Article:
The key component of US President Donald Trump’s approach to North Korea is diplomatic isolation, in addition to the already existing economic pressure over the reclusive Asian nation. The White House expects the initiative can help achieve two goals.
It is aimed at punishing the North Korean leadership for the development of a nuclear and missile arsenal. US officials believe that international isolation would prompt the North Korean government to negotiate.
"We do know they care a lot about their international reputation," Mark Tokola, a former No. 2 at the US Embassy in South Korea, told the Associated Press.
In November, Pyongyang tested the Hwasong-15 intercontinental ballistic missile (ICBM). The test reportedly failed but an operational Hwasong-15 is believed to have a range of over 13,000 kilometers and could strike anywhere in the US. Pyongyang commented on the launch, stating that it has completed its "nuclear force" with the development of the Hwasong-15 ICBM.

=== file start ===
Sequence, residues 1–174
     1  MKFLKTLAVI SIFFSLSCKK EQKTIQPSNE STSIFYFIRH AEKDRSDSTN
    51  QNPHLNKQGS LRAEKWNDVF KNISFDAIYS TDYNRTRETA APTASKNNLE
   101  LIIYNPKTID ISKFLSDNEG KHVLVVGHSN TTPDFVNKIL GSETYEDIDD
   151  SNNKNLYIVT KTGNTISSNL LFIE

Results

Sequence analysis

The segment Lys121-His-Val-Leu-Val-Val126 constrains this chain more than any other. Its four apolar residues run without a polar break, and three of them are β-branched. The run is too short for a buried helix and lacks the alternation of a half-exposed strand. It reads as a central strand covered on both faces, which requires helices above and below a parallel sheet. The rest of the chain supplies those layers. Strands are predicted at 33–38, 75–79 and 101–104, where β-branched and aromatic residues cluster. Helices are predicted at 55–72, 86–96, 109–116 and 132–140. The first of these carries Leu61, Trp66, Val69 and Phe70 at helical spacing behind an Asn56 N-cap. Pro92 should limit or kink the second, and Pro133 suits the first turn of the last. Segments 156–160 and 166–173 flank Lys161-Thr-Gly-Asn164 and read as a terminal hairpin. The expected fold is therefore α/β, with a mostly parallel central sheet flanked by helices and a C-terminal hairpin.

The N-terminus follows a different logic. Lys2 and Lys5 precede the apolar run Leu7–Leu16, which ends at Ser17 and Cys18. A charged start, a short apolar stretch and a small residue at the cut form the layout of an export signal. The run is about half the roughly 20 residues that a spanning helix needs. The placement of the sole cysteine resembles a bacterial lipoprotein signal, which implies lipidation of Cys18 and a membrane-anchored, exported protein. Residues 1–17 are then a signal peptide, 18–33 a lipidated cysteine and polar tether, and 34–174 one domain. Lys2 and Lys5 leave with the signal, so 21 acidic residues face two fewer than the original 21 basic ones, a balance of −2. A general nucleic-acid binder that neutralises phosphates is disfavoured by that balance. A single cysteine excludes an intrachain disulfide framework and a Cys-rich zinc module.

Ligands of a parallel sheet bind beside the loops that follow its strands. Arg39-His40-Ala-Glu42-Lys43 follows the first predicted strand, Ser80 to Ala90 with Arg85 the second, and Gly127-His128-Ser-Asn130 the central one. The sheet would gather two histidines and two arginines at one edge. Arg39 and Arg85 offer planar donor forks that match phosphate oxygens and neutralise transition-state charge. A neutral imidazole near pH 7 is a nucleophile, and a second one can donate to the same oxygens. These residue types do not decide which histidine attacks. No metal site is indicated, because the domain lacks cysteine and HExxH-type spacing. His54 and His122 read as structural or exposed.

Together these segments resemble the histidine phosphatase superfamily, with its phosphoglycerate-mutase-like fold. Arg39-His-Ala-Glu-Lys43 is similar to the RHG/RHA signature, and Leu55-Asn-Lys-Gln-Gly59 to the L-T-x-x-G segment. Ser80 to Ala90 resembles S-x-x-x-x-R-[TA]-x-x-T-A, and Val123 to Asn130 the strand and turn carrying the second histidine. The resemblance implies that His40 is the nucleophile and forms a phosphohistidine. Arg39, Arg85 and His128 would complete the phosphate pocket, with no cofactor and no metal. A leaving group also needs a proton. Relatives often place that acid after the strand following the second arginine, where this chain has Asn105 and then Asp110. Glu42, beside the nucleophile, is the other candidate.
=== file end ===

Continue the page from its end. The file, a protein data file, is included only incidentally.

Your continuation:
"Today, we call on all nations to cut off all ties with North Korea. In addition to fully implementing all UN sanctions all countries should severe diplomatic relations with North Korea and limit military, scientific, technical or commercial cooperation," US Envoy to the UN Nikki Haley said after the launch.
Despite the fact that the Trump administration has made some progress in exercising diplomatic pressure over the North, Pyongyang is still unlikely to be completely isolated in the international arena.
Earlier this week, the North hosted a visit by UN Under-Secretary-General for Political Affairs Jeffrey Feltman, who became the first UN top representative to visit the country since 2010. Feltman spent five days in North Korea and had talks with the country’s foreign minister.
North Korea also maintains a friendly relationship with Cuba, another nation under US sanctions for years. In late November, the top North Korean diplomat Ri Yong-Ho visited Havana and met Cuban President Raul Castro.
The second part of Trump’s policy on the North Korean crisis presumes "maximum pressure and engagement." According to Suzanne DiMaggio at the New America think tank, Washington is not completely focused on pressure while "this is probably as good a time as any to try to pivot to engagement."